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SELECTBIO Conferences Tissue Engineering

Rong Fan's Biography

Rong Fan, Harold Hodgkinson Professor of Biomedical Engineering, Yale University

Dr. Rong Fan is the Harold Hodgkinson Professor of Biomedical Engineering at Yale University and Professor of Pathology at Yale School of Medicine. He received a Ph.D. in Chemistry from the University of California at Berkeley and completed the postdoctoral training at California Institute of Technology before joining the faculty at Yale University in 2010. His current interest is focused on developing microtechnologies for single-cell and spatial omics profiling to interrogate functional cellular heterogeneity and inter-cellular signaling network in human health and disease (e.g., cancer and autoimmunity). He co-founded IsoPlexis, Singleron Biotechnologies, and AtlasXomics. He served on the Scientific Advisory Board of Bio-Techne. He is the recipient of a number of awards including the National Cancer Institute’s Howard Temin Career Transition Award, the NSF CAREER Award, and the Packard Fellowship for Science and Engineering. He has been elected to the American Institute for Medical and Biological Engineering (AIMBE), the Connecticut Academy of Science and Engineering (CASE), and the National Academy of Inventors (NAI).

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Microvasculature-on-a-chip for Tissue Engineering and Precision Medicine

Thursday, 17 March 2016 at 15:00

Add to Calendar ▼2016-03-17 15:00:002016-03-17 16:00:00Europe/LondonMicrovasculature-on-a-chip for Tissue Engineering and Precision

One of the major challenges in tissue engineering for transplantation and regenerative medicine is revascularization. Due to the complexity of angiogenesis and vasculogenesis mediated by a host of cellular and soluble mediators, it remains a daunting challenge to recapitulate the perivascular microenvironment in vitro for effective neotissue vascularization prior to transplantation. Stromal cells, such as fibroblasts and pericytes, provide not only mechanical support but also paracrine signals to regulate vascular morphogenesis and function. We are working to develop integrative microsystems that combine various stromal cell components and soluble signals derived therefrom to engineer high quality microvasculature network in vitro with the ultimate goal to achieve revascularization of large-sized neotissues and thus improve the performance post transplantation. First, we are harnessing the paracrine signals from phenotypically modified stromal cells (e.g., fibroblasts) to create endothelialized microvessel network in native extracellular matrix (e.g., collagen, fibrin, etc) hydrogels. Second, we are applying this platform to revascularization of mouse pancreatic islets in vitro, which can accelerate functional anastomosis with host tissue after implantation. The vascularized islets are characterized for glucose sensing and insulin production in response to glucose. Third, leveraging the success of in vitro tissue revascularization to build a brain tumor perivascular niche (PVN)-on-a-chip model to investigate the dynamics of glioma stem/progenitor cells in PVN and their resistance or response to treatment.  All together, these are to address a critical need in tissue engineering and open new opportunities for in vitro modeling of tumor microenvironment for precision medicine.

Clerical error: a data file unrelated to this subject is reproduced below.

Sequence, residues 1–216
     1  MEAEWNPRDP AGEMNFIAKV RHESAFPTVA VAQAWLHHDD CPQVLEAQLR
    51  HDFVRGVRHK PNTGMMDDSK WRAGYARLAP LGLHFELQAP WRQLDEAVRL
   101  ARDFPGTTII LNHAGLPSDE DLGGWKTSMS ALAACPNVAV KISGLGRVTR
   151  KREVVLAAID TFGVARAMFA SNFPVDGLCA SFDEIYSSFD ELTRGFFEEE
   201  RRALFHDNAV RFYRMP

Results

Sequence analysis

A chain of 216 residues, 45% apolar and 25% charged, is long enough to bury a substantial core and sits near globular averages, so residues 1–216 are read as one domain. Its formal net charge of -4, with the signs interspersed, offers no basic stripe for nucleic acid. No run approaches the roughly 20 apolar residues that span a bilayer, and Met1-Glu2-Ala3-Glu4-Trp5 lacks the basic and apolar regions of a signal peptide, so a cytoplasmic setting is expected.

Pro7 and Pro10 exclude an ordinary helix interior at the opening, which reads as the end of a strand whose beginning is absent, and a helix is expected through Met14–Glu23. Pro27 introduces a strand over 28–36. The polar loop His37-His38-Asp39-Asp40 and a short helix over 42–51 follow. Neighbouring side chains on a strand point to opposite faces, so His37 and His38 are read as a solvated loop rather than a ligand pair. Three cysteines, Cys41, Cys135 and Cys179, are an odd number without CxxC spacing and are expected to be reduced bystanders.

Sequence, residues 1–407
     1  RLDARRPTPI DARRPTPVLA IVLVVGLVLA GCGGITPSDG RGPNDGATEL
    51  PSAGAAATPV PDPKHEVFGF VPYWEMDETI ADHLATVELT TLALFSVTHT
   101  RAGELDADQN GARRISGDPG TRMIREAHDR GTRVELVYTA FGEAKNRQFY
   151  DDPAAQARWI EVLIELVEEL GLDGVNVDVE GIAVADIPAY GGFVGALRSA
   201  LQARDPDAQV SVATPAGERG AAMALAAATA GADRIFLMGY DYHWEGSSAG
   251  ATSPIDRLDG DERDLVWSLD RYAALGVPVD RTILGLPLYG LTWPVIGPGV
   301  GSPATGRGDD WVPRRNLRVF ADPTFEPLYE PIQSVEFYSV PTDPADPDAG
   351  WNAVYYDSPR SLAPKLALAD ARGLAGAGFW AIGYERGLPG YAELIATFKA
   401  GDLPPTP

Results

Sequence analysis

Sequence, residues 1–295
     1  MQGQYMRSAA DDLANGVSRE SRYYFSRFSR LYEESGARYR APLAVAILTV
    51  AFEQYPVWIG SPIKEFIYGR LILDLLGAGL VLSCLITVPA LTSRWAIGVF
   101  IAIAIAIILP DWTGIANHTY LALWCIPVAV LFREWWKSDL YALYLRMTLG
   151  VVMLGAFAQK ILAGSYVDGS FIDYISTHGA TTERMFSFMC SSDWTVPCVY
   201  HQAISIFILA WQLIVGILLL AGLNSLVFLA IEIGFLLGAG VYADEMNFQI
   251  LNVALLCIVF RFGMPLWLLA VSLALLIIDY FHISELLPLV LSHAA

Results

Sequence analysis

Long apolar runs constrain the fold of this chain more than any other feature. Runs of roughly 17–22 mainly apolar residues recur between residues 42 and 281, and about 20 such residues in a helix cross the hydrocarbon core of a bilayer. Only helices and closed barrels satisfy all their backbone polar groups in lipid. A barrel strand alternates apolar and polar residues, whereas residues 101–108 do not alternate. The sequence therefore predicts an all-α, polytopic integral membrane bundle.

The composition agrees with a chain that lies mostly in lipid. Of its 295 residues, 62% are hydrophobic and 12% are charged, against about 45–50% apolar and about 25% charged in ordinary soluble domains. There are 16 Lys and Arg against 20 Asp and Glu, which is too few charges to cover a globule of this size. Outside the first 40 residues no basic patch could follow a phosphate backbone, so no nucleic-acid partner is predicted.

Add to Calendar ▼2016-03-17 00:00:002016-03-18 00:00:00Europe/LondonTissue